Advertising, Penguins and Trouser Theft
I got a strange e-mail this morning from a guy named Jim Doherty. Jim runs a family boardgame business out of Westford, Massachusetts, and he's looking to get some exposure and drum up a little more business.
Now, usually I don't run ads on the site, barring the occasional flirtation with Google Ads. The main reason, of course, is that they pay squat and you have to earn $100 before they'll pay out a penny. Add to this the fact that Blogads won't return my calls, and it all seems too much like hard work.
Still, I took a look at Jim's site, Eight Foot Llama, and let me tell you this is a company I want to be on board with - sorry, that pun was quite unavoidable. See, these aren't just ordinary board games (throw a 6. Oh no. I have to go back 3 spaces. Woe is me). No, these are special. These are the kind of fun and quirky games I grew up with: The Penguin Ultimatum; Monkeys on the Moon and the improbably titled Who Stole Ed's Pants?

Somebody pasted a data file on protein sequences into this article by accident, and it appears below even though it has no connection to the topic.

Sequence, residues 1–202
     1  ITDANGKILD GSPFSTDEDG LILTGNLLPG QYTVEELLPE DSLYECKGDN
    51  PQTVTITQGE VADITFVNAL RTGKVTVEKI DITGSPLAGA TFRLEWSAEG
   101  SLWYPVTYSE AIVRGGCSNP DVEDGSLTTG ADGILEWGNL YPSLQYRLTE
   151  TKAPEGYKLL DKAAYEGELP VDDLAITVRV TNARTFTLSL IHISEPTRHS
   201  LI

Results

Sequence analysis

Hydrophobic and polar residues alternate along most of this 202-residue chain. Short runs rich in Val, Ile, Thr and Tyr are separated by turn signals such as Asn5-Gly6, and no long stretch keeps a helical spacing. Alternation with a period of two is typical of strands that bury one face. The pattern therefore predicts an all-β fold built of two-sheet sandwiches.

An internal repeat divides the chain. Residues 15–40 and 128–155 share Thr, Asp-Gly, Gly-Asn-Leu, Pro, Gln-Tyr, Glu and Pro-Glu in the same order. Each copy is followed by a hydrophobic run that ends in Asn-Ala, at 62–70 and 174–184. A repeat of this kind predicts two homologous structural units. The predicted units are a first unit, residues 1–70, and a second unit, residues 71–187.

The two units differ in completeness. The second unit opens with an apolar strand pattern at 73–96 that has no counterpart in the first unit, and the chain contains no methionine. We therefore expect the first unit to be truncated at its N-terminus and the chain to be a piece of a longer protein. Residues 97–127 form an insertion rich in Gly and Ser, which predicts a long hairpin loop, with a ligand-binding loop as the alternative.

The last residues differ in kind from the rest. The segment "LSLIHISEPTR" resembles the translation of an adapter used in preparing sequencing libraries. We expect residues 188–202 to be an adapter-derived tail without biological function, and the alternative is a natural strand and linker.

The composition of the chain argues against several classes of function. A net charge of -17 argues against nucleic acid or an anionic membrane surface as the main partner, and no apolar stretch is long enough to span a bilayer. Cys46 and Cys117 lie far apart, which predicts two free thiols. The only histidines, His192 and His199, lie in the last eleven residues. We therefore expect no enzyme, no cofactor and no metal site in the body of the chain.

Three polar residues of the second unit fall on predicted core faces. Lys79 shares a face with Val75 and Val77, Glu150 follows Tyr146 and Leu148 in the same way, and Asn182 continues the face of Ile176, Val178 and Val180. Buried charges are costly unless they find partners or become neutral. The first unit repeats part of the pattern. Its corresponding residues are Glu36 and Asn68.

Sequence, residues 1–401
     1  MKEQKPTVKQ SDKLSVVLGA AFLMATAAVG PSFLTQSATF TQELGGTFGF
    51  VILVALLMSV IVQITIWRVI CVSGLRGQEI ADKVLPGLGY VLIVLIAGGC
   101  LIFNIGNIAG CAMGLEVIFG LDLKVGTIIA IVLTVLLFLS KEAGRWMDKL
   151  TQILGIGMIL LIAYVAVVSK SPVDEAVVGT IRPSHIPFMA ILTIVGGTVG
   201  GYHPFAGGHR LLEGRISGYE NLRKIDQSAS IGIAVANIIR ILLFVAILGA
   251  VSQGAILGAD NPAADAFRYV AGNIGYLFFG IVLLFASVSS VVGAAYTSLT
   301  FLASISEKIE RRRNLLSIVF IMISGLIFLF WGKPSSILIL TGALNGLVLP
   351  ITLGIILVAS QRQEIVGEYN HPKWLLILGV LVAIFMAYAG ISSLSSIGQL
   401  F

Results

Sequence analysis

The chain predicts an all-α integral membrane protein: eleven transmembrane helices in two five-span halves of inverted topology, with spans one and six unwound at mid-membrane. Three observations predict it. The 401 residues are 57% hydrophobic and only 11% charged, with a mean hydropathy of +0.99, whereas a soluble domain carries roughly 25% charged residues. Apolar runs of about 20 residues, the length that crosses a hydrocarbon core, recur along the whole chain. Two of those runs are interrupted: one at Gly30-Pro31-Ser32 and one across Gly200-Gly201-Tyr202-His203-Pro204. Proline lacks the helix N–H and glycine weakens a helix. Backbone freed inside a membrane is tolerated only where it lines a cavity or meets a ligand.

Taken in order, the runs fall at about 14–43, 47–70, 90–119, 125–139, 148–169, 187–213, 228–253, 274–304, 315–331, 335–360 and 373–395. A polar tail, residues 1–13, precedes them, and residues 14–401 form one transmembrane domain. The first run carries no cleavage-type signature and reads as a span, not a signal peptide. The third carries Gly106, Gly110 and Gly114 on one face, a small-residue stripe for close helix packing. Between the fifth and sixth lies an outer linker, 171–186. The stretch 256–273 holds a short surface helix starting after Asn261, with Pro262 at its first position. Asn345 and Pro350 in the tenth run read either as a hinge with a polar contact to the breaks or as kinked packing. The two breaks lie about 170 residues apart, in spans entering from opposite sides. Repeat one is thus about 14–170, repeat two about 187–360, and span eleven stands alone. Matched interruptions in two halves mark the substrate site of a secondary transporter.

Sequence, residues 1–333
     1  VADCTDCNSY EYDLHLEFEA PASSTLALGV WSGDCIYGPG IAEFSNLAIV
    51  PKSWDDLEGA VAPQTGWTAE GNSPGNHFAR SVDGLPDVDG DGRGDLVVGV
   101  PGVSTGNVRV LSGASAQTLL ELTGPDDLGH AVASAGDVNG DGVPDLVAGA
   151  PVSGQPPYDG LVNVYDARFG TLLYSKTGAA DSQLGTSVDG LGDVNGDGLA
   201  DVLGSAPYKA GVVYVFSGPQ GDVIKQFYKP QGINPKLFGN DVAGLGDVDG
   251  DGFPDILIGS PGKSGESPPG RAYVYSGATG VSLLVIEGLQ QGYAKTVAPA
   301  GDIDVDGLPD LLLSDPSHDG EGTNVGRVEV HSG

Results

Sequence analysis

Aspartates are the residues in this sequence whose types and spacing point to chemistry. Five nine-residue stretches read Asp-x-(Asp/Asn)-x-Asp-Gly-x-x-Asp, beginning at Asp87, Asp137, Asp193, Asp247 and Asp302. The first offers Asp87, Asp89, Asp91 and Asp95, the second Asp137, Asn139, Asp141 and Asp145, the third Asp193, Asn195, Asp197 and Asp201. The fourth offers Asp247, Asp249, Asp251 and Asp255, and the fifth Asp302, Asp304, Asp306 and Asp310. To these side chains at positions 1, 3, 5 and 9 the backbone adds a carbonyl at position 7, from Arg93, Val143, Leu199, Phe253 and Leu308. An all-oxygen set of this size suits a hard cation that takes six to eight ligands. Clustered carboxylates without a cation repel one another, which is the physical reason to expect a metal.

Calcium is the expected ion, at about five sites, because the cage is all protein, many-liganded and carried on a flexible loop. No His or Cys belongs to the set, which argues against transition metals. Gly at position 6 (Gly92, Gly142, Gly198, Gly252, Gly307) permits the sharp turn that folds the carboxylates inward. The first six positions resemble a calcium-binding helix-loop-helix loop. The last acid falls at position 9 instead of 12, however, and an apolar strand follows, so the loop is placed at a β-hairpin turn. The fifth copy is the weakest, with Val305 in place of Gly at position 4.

I will, of course, be placing Jim's ad prominently on the front page as soon as possible. See, I have friends who come from disfunctional families, full of yelling and slammed doors, asking how the hell my family seem to get along so well. Why aren't there any bitter feuds and hey, why isn't there any crockery being hurled against the walls? I couldn't give you a perfect answer, but at least part of it is down to the fact that we've spent years sitting around a coffee table playing games just like Jim's. Now, I don't want to claim that cardgames breed happy families, but they surely can't hurt, can they?
And now my second point: why isn't there more of this kind of advertising? Why is it that the choice seems to be limited to Google Ads for small sites, Blogads for the big guys? Why can't it be the case that a small business, maybe one that doesn't have the advertising budget to invest in Blogads, can go to a blogger and offer a little cash for an ad? Hell, why can't bloggers take the initiative and approach businesses themselves? Surely they more than anyone know what kind of demographic their site reaches. Surely they are the best placed to judge the type of business that could benefit from advertising on it.
The main thing, the thing that really reaches in and grabs a company like Blogads by the balls and squeezes 'til it cries, is that the bloggers get to keep 100% of the revenues. That I can get on board with.